what's the purpose of your existence?
Why Why are we here? Why would we create for what?
Most people will say, hmm.
I never thought about it, you know? Or if, Pastor, so and so said, something's, oh, that's what pastor said?
Can you find that in the Bible? Can you show it to me?
You will find it, you won't find a clear statement of why we were created. But the Quran is the opening up the verses there, the meaning is clear.
Stated agenda, well inside like
I says, I only created the gene and humankind, to worship me. That is the purpose of our creation. It's there.
So, of course, there are other points that could be raised as to why
should one accept Islam, why Islam is the true religion?
But those are just a few points that I would like to share with your audience, perhaps to help them in explaining Islam to their friends. Because of course, it's a duty as the prophets Allah told us the level only below if you could should convey from the Prophet so seldom, even if all you had was poonawalla had, that's all your head. You need to share that with those around you. Because those people around you will give witness against you on the Day of Judgment. They will say I was his neighbor. I was just classmates. I was her friend. At the laundromat. We were this and we were that.
And we talked about everything under the sun, new car, house, vacation,
parties, everything we talked about, but we never talked about Islam.
I know some of you would say, Well, I feel shy. You know what I say to people, you know, the best way to do it, is to just ask them. What do you think about this? You know, honestly, right.
So, what do you think about Islam? What's your idea?
Let them tell you. And then you can just start to clarify for them. Your initial Dawa will just be clarification. No, no, we don't do that. No, we don't slaughter people in the masjid.
Don't eat people, you know, all that stuff, you know, just clarify all of these points. And then from there, hopefully they will have some more interest and start to ask you other
things about Islam which will allow you to explain more of the religion itself to them
Mashallah, that was I thought those reasons were very compelling especially the I believe the initial one, just that Islam is really the only Mott truly monotheistic religion, I mean, that in of itself should be clear evidence, especially when everyone has this, you know, this innate belief in one in a creator, you know, regardless of time in society, they all have this, this idea exists in every every society essentially.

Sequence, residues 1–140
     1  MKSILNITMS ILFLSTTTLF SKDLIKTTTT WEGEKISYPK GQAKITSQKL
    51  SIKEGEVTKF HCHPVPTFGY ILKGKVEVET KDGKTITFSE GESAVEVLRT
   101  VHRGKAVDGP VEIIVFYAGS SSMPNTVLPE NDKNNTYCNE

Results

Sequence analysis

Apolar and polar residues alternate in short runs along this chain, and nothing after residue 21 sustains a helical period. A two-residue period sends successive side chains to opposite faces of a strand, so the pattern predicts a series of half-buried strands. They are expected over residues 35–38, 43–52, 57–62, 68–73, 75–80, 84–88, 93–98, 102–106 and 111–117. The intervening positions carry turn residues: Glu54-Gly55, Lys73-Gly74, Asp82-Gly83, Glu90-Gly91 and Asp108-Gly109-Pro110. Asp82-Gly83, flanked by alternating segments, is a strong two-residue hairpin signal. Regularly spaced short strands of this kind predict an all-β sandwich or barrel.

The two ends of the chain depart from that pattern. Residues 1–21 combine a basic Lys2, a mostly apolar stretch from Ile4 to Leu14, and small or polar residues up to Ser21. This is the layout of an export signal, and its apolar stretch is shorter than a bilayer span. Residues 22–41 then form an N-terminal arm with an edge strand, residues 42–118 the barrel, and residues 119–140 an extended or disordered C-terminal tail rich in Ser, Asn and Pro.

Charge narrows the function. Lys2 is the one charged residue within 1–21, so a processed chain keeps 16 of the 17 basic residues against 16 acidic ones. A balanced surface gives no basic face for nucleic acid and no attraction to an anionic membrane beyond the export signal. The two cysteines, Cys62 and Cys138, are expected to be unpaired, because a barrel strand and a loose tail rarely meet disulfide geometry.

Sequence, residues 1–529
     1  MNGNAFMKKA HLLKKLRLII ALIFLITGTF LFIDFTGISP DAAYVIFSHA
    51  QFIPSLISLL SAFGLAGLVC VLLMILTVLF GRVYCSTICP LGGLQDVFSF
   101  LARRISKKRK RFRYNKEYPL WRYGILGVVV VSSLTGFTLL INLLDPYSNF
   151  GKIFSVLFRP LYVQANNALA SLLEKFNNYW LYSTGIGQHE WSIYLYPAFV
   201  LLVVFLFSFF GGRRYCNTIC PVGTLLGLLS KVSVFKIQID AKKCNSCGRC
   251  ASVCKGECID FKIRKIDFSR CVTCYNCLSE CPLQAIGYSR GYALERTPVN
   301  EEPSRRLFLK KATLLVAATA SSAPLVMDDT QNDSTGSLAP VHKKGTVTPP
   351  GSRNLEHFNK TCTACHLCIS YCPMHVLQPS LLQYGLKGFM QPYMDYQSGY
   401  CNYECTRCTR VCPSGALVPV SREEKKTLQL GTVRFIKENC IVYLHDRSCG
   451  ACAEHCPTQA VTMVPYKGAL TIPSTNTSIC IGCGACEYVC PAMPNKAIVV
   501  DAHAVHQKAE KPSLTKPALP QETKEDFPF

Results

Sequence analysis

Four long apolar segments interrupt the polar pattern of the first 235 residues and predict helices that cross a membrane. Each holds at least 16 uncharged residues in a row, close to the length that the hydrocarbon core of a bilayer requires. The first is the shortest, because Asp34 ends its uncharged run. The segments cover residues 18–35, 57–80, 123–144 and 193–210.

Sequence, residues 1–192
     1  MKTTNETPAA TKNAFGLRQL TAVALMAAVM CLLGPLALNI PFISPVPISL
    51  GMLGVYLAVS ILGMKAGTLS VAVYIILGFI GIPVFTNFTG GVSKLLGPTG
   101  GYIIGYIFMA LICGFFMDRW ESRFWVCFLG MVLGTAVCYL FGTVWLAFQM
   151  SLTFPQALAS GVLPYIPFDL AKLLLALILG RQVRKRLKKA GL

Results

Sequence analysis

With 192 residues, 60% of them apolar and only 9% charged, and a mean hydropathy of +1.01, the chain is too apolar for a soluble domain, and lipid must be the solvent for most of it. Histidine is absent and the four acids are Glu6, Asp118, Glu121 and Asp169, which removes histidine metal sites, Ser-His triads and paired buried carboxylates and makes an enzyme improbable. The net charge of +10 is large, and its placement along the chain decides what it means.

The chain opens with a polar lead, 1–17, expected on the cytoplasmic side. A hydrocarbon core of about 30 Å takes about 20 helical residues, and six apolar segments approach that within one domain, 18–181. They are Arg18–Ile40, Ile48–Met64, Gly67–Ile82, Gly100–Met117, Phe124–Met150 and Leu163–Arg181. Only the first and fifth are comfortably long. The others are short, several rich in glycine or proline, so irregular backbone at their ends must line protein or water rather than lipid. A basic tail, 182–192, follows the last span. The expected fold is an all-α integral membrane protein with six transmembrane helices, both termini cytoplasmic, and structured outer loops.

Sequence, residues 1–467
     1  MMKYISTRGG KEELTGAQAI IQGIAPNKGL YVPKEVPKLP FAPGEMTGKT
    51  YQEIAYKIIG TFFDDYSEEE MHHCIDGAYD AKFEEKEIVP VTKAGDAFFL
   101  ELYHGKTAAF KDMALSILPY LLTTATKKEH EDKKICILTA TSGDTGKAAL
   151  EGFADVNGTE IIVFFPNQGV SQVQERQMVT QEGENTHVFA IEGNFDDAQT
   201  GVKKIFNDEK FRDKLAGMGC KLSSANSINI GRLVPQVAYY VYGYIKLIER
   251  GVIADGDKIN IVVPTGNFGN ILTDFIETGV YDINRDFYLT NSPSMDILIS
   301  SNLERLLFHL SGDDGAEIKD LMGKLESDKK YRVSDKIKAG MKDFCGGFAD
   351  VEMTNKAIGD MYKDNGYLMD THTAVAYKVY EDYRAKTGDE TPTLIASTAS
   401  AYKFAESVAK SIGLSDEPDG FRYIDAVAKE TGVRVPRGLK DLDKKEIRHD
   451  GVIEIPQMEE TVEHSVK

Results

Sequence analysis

Mashallah, um, so, I believe a problem or Yeah, problem that occurs for reverts and non Muslims is that, especially living in North America, but really anywhere around the world, is that you're raised with a, with an ideology. I'm, like, for instance, you know, you were Christian, and then you became communist. But some people are, you can say, you know, perhaps feminist or, you know, other sort of ism that they might have, they might,
you know, any sort of ism, like, they might be socialists, or they might be,
secularists and so on. So, when they enter into Islam, they try to bring it in with them, right? Or if they're just Muslim, and they're raised in the, in that kind of environment, it's just like, part of the culture, or they just, again, bring it into the religion with them. So how do we,
like, I guess, how do we combat that? Or how do we resolve that issue?
Well, these ideas, you know, would be cleared in time as the person grows islamically because you can't expect somebody to enter Islam and everything else they believe just drops. So they're coming in pure, like that baby, you know, newborn baby, pure, no other ideas, no other things in their head that touch us. So from there on, you just had to put it all in their head? No, that's for most people, they're coming in with baggage, carrying things with them. So those things, those of us who are around them to help them on their path. Now we have to be patient with them. And, you know, help them to understand these things gradually, if they say something, you know, how is it Billa?
You know, we have to, we have to become, Okay, brother, yeah. Okay, sister. Yeah, we can understand that, you know, but actually, in Islam, we don't do those things.
Whatever, you know, we have to be patient and help them along the way.